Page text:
The Casualty Actuarial Society has released two new research reports designed to guide the insurance industry toward proactive, quantitative solutions to identify, measure and address potential racial bias in insurance pricing.
“Defining Discrimination in Insurance” defines terms such as protected class, unfair discrimination, proxy discrimination, disparate impact, disparate treatment and disproportionate impact, providing historical and practical context for them. It also illustrates the inconsistencies in how different stakeholders define these terms.
“Understanding Potential Influences of Racial Bias on P&C Insurance: Four Rating Factors Explored” examines how credit-based insurance score, geographic location, homeownership and motor vehicle records may be impacted by racially biased policies and practices outside of insurance. The goal is to highlight the multidimensional impacts of systemic racial bias, as it may relate to insurance pricing.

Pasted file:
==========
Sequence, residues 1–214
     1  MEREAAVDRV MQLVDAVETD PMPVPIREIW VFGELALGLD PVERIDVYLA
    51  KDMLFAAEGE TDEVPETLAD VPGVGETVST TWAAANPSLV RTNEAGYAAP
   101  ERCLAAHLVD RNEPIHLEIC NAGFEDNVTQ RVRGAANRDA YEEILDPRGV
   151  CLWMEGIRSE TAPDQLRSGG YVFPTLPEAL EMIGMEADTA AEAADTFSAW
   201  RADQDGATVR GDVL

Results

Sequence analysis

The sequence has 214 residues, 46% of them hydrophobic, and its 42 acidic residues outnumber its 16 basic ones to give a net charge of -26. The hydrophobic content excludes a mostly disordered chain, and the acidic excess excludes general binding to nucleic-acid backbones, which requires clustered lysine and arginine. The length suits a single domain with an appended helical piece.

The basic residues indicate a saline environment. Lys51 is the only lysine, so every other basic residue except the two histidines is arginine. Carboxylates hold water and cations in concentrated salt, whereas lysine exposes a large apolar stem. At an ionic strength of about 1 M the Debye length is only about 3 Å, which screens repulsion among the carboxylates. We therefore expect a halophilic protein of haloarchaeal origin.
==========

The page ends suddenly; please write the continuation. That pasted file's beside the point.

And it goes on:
The first two reports were released March 10.
“Methods for Quantifying Discriminatory Effects on Protected Classes in Insurance” discusses three approaches to defining and measuring fairness in predictive models. It also provides an overview of several bias mitigation techniques that can be performed during the input, modeling or output phase of a model once a set of fairness criteria has been adopted.
“Approaches to Address Racial Bias in Financial Services: Lessons for the Insurance Industry” examines issues of racial bias in lending practice for mortgages, personal and commercial lending, as well as credit-scoring. It describes solutions intended to address any potential bias, which may include government intervention, internal bias testing and monitoring measures, and development of new products to mitigate bias.
Source: Casualty Actuarial Society